Hungary’s Parliament Building is situated at Pest’s riverbank. Built at a time when Hungary was still under Austrian influence, the magnificent structure is a symbol of Hungary’s independence.
After the Austro-Hungarian Compromise in 1867, in which a dual monarchy was created, Hungary received more independence and the country wrote its own constitution. It also initiated the construction of a parliament building. A competition for this project was officially launched by Emperor Franz Joseph and prime minister Kálmán Tisza. A neo-Gothic design by Imre Steindl, inspired by the Houses of Parliament in London, was chosen as the winner.
Construction of the Parliament House started in 1885. When it was completed seventeen years later, in 1902, it was the largest parliamentary building in the world with a length of 268 meters and a width of 118 meters (879×387 ft). The Parliament House is arranged around ten central courtyards and contains more than twenty kilometers of staircase, as well as 691 rooms. The building has twenty-seven intricately decorated spires. The impressive dome, visible from afar, reaches a height of 96 meters.
The building’s facade is magnificent, decorated with eighty-eight statues of Hungarian rulers, pointed arch arcades and numerous gargoyles, spires and Gothic ornaments.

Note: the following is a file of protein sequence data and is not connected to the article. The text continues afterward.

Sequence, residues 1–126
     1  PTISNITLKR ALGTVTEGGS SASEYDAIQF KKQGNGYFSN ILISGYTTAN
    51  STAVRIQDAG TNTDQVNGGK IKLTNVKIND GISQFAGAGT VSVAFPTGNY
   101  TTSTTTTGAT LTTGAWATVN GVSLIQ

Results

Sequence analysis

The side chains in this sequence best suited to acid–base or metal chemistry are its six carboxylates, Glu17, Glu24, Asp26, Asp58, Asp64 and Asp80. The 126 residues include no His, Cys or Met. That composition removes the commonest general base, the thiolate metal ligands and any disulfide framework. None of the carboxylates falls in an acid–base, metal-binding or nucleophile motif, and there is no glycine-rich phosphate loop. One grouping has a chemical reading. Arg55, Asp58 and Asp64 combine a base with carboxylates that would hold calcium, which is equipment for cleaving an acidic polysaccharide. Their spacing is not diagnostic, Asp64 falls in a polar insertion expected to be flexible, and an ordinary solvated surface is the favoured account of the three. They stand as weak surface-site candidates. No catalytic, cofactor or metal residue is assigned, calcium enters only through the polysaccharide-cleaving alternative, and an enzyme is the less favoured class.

The interior of the Parliament House is as stunning as its exterior, decorated by some of Hungary’s best artists. Here neo-Gothic is mixed with Renaissance and even Byzantine influences, especially noticeable in the marvelously decorated staircase hall, with granite Corinthian columns, gilded ornaments and a huge ceiling painting by Károly Lotz.
Another interesting room is the circular Copula Hall, which features statues of Hungarian monarchs and an intricate, almost cathedral-like ceiling. The coronation crown and insignia of King Stephen are displayed here. The crown was originally given to St. Stephen for his coronation in the year 1000. The holy crown, as well was a scepter, orb and sword, were originally displayed in the National Museum but moved to the Parliament House in 2000. Only the coronation mantle is still on display in the museum.
In 1989 Hungary adopted a new constitution based upon a legislature with just a single chamber, the National Assembly. The assembly occupies the former lower chamber, while the similarly designed upper chamber is now used as a conference hall.